Phloem loading in cucumber: combined symplastic and apoplastic strategies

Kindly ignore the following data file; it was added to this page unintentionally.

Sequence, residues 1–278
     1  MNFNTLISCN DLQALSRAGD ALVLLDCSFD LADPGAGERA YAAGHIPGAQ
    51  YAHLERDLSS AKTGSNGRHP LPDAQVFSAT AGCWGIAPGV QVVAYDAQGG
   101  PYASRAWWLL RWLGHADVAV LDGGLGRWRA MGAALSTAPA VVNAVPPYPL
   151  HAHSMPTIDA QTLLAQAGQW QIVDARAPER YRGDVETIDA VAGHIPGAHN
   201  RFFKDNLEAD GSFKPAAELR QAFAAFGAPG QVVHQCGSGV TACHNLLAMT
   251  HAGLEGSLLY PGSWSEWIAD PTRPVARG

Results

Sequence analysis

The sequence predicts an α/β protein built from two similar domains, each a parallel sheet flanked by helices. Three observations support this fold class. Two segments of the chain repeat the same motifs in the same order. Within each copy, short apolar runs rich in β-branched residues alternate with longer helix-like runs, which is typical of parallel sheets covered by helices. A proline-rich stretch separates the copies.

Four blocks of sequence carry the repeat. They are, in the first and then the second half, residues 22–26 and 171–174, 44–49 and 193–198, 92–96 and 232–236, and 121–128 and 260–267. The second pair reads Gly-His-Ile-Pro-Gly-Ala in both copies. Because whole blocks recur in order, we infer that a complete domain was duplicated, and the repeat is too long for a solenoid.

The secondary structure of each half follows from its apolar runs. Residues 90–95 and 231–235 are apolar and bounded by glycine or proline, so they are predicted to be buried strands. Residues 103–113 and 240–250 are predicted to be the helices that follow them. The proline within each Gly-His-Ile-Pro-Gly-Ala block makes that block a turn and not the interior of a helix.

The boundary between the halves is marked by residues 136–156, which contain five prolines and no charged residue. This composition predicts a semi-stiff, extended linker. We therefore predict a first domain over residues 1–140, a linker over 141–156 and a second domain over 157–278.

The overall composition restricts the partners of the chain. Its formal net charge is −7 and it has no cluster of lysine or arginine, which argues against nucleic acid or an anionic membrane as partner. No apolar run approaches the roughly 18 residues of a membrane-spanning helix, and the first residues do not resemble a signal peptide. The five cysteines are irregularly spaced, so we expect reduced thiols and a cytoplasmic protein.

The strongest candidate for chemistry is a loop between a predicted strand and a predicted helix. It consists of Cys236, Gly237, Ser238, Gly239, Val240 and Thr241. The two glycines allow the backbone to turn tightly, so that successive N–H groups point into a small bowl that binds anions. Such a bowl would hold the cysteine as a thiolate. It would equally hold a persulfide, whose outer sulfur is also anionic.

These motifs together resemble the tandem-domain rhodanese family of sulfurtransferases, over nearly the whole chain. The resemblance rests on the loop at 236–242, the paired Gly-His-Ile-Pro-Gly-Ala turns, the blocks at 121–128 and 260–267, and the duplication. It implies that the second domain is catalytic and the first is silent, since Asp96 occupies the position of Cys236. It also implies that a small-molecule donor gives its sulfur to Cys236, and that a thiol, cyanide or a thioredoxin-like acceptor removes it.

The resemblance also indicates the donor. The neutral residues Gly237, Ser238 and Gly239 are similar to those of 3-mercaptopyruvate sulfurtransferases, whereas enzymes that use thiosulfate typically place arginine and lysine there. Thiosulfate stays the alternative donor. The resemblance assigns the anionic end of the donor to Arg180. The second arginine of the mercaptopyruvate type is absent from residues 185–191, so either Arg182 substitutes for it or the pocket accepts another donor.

Phloem loading, as the first step of transporting photoassimilates from mesophyll cells to sieve element‐companion cell complex, creates a driving force for long‐distance nutrient transport. Three loading strategies have been proposed: passive symplastic loading, apoplastic loading and symplastic transfer followed by polymer‐trapping of stachyose and raffinose. Although individual species are generally referred to as using a single phloem loading mechanism, it has been suggested that some plants may use more than one, i.e. ‘mixed loading’. Here, by using a combination of electron microscopy, reverse genetics and 14C labeling, loading strategies were studied in cucumber, a polymer‐trapping loading species. The results indicate that intermediary cells (ICs), which mediate polymer‐trapping, and ordinary companion cells, which mediate apoplastic loading, were mainly found in the fifth and third order veins, respectively. Accordingly, a cucumber galactinol synthase gene (CsGolS1) and a sucrose transporter gene (CsSUT2) were expressed mainly in the fifth/third and the third order veins, respectively. Immunolocalization analysis indicated that CsGolS1 was localized in companion cells (CCs) while CsSUT2 was in CCs and sieve elements (SEs). Suppressing CsGolS1 significantly decreased the stachyose level and increased sucrose content, while suppressing CsSUT2 decreased the sucrose level and increased the stachyose content in leaves. After 14CO2 labeling, [14C]sucrose export increased and [14C]stachyose export reduced from petioles in CsGolS1i plants, but [14C]sucrose export decreased and [14C]stachyose export increased into petioles in CsSUT2i plants. Similar results were also observed after pre‐treating the CsGolS1i leaves with PCMBS (transporter inhibitor). These results demonstrate that cucumber phloem loading depends on both polymer‐trapping and apoplastic loading strategies.
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